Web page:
Ketamine Addiction, Abuse and Withdrawal

Ketamine Addiction, Abuse and Withdrawal

Ketamine has been around for about 30 years and was initially used only in veterinary medicine. Over the past 2 decades, it has become known that ketamine is a general anesthetic with hallucinogenic and analgesic (pain relieving properties).

The drug has a unique ability to differentiate perception from sensation. It is currently widely used in pediatric anesthesia. Ketamine is structurally related to PCP, a drug known for its psychedelic effects and vivid hallucinations. The drug has a tendency to produce a feeling of an out-of-body experience.

Pharmacology of Ketamine

Ketamine can cause profound analgesia, respiratory depression, cardiovascular stimulation and amnesia when injected. However, despite the anesthesia, the protective reflexes are maintained. It has excellent analgesic activity and useful for control of severe pain. Ketamine causes an insensate feeling throughout the body. Prolonged use has been associated with physical and psychological addiction. In the majority of inpiduals who frequently use ketamine, tolerance does develop thus requiring the addicts to consume higher doses.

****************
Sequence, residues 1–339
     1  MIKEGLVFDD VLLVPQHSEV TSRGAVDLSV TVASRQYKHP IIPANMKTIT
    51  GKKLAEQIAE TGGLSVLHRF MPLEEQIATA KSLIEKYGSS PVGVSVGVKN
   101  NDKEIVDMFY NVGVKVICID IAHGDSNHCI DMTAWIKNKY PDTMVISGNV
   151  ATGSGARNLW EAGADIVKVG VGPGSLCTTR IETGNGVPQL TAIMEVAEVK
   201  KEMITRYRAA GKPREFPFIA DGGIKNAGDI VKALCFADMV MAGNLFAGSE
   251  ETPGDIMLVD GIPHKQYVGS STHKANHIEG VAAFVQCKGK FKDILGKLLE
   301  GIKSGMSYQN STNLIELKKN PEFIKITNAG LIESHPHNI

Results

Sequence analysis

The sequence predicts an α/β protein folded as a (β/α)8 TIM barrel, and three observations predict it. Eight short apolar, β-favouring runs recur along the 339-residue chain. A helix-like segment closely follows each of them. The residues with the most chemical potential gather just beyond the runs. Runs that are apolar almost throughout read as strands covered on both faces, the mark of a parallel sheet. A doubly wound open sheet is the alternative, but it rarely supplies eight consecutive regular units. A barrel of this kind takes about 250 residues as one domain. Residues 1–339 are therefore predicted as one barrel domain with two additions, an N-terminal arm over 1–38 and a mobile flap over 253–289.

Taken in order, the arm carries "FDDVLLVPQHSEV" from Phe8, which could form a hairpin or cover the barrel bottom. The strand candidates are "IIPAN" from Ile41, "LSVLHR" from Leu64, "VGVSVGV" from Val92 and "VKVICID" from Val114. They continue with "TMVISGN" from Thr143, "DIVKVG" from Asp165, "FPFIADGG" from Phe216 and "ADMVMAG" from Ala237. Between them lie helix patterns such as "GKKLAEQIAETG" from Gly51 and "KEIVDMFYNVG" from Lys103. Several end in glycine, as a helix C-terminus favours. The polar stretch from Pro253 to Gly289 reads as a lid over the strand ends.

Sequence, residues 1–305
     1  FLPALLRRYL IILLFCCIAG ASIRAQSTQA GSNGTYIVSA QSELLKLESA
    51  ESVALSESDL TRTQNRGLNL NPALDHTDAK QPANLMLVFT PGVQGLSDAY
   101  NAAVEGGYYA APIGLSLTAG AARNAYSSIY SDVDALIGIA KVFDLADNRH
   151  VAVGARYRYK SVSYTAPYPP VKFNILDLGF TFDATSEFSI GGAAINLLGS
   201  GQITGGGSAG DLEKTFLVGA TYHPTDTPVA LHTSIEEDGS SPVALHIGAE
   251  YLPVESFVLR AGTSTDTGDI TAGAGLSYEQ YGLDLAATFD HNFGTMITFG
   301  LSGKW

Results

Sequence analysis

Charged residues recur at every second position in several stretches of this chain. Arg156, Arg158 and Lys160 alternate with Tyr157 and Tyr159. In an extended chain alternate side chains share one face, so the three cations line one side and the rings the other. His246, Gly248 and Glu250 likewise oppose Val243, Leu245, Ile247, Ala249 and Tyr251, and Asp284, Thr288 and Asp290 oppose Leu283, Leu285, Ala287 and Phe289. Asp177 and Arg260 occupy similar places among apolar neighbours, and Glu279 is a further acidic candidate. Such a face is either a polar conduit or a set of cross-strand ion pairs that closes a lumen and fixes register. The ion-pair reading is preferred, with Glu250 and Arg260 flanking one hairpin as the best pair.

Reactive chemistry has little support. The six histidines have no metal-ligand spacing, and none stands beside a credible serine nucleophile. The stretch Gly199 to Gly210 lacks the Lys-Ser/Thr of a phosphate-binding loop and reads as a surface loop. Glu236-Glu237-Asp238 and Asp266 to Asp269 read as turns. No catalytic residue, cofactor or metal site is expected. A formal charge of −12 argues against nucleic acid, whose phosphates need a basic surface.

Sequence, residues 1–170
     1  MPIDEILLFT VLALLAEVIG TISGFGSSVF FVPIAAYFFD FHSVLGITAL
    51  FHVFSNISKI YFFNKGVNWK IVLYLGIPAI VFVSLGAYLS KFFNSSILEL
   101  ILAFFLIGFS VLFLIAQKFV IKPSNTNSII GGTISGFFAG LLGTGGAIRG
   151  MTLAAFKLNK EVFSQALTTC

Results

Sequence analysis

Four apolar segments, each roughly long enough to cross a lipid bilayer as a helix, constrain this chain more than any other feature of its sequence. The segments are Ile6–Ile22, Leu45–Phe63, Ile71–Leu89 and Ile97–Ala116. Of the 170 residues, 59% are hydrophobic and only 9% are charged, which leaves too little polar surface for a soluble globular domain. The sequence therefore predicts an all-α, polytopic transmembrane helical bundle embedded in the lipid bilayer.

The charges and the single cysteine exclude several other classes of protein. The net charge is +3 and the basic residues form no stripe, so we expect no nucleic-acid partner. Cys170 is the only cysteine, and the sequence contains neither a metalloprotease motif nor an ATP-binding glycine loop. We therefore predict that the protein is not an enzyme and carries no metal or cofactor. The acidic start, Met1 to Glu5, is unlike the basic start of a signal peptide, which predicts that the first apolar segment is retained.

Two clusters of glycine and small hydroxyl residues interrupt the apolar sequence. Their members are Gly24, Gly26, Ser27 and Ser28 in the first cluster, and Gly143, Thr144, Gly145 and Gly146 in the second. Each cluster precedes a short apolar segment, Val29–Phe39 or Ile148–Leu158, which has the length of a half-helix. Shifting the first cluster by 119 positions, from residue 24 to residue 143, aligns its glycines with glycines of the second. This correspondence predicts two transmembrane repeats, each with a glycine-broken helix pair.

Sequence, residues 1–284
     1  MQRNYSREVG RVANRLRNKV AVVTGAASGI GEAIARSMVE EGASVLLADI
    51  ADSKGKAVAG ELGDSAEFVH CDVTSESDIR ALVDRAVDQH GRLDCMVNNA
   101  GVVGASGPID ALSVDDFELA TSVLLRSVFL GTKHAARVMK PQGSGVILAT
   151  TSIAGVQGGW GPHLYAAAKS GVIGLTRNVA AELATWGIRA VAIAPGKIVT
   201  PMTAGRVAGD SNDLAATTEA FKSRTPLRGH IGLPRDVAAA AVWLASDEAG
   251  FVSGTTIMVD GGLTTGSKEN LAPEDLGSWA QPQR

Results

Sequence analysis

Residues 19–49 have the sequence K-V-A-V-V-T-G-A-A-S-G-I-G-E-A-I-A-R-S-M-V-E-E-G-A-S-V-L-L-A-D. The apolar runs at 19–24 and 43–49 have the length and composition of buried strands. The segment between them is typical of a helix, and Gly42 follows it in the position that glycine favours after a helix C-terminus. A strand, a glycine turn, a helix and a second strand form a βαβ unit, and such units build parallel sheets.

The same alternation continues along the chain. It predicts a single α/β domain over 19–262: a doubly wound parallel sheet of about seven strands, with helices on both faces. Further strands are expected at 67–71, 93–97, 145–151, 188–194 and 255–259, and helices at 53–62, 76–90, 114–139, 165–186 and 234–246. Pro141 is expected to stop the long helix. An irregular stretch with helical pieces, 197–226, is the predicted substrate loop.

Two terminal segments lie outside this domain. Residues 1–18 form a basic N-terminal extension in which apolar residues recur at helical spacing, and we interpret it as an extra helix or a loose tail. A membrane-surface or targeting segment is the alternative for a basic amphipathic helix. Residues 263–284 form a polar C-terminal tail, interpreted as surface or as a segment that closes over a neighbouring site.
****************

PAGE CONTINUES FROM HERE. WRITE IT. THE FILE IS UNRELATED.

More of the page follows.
In clinical medicine, ketamine is administered either intravenously or intramuscularly. For illicit uses, ketamine is prepared by evaporating the liquid from the legitimate pharmaceutical product and pulverizing the residue into a powder. All of the ketamine abused has been perted from legal sources. Theft of veterinary/pharmacy clinics is the most frequently reported source of illicit ketamine. Ketamine is commonly snorted by abusers. Intra-muscular injection is also a widely used method for abuse. Injected Ketamine takes a few seconds to work whereas snorted ketamine takes 5-15 minutes to take effect.

Symptoms of Ketamine Use

Ketamine is known to cause hallucinations, nausea, mental clouding, loss of memory and an amnestic feeling may occur. Numerous inpiduals report out of body experiences after having undergone anesthesia with ketamine. Physical features of ketamine use include increased heart rate, paralyzed feeling, numbness, impaired attention, delirium, and high blood pressure.

Is Ketamine Addictive?